Posted by: salamandercandy | September 2, 2006

PCR is so last week

How lucky I and my fellow Salamander Candy authors are to be conducting research at this point in history. Much of what we do falls within the domain of Molecular Ecology, a relatively young field which combines the tools and tricks of molecular biology and genetics with those of—you guessed it—ecology. The things I do in the lab on a daily basis seem like science fiction to many people, including myself. Biologists working twenty, fifty, and one hundred years ago must have felt that what they were doing was cutting edge. And they were right, of course, assuming that the methods they employed were “state-of-the-art” at the time.

Inevitably, the fancy machines, lab procedures, and analytical methods that give me and my colleagues seemingly god-like powers today will seem quaint and outdated in a decade or so. Such is the way of progress and I welcome it. What new method is around the corner that will revolutionize Molecular Ecology? What will change how we do everything—the way that PCR did? It’s exciting to think of the possibilities…

I was inspired to write this post when I came across this article about “digital detection” of DNA molecules. This technique, if it ever becomes practical, might make PCR and conventional DNA sequencing obsolete for many applications. And maybe it will speed things up in the lab so that we beaker-heads can get out and see the Sun more often. Bitchin’, man.

Here’s the link to the original paper:

Label-Free “Digital Detection” of Single-Molecule DNA Hybridization with a Single Electron Transistor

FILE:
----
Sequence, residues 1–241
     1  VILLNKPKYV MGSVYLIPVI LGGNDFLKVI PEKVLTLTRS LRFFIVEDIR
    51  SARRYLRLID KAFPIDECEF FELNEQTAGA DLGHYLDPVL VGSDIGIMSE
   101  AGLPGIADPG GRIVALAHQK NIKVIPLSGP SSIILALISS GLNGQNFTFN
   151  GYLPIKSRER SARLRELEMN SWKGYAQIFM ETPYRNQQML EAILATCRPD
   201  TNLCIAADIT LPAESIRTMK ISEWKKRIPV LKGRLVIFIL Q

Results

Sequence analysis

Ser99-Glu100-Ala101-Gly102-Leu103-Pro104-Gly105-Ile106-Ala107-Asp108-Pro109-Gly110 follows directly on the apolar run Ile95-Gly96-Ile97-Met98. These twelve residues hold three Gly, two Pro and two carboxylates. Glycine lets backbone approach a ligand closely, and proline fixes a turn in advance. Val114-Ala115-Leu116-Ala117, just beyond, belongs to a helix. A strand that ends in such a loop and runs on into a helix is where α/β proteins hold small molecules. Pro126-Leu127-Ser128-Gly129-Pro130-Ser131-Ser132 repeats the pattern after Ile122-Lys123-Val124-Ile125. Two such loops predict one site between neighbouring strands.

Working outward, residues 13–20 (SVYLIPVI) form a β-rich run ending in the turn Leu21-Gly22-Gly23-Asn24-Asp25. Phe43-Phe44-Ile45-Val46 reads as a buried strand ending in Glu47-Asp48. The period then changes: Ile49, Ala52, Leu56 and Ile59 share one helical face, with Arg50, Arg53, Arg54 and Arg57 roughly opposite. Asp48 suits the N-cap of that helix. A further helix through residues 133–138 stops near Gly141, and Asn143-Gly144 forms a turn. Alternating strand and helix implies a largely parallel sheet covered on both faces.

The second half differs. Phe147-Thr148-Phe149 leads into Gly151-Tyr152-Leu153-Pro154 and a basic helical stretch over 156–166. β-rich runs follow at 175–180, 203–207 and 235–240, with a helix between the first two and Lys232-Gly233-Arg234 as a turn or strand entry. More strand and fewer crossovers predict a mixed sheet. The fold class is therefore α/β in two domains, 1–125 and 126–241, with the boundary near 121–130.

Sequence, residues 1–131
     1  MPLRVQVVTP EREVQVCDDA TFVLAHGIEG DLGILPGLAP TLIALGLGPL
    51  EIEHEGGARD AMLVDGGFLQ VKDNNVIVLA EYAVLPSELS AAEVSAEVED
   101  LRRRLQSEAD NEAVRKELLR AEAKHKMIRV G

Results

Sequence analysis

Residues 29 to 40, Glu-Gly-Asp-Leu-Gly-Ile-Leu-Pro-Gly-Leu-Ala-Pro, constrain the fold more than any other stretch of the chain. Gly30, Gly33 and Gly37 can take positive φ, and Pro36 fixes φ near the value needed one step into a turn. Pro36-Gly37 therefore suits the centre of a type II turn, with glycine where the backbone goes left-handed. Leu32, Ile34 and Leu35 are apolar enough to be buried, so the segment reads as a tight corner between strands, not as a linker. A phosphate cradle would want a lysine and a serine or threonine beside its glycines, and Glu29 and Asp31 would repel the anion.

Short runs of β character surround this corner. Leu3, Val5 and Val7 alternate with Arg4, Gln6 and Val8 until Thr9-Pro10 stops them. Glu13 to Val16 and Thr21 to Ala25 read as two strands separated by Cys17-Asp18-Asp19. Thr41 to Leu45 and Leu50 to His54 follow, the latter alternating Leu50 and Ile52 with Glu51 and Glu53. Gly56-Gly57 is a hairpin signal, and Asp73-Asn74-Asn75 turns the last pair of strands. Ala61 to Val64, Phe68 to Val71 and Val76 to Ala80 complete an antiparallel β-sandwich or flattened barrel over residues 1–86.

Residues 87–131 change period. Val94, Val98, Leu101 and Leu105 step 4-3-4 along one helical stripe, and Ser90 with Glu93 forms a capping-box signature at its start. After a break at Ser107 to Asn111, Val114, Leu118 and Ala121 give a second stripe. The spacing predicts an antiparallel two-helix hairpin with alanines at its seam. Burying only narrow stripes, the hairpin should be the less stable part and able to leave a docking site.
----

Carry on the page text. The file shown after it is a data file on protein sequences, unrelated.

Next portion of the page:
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Responses

  1. Dude, just get a tri-corder!

  2. Like I like to say the students I supervise, when I did a population genetic analysis during my master, I had to extract DNA manually with the old chloroform protocole, and the gross population size was 300 individuals, which was already a “big” sample at that time.

    Nowadays, this sample size is 1.5 days of work (instead of 2 weeks) thanks to extraction kits.

    At that time, 96-wells pcr plates was fairly new, compared to the 54 of previous machines (sometimes still used so far).

    Now that we can enjoy capillary-based PCR runs, we spare a migration time at about 2 to 4 days (traditional old silver-nitrate protocole with acrylamide gels): a few hours instead.

    So I could have done all the job in two weeks instead of two monthes. And that was not that far ago… So that your estimation of techonology evolving in a “decade” is a pessimistic guess…


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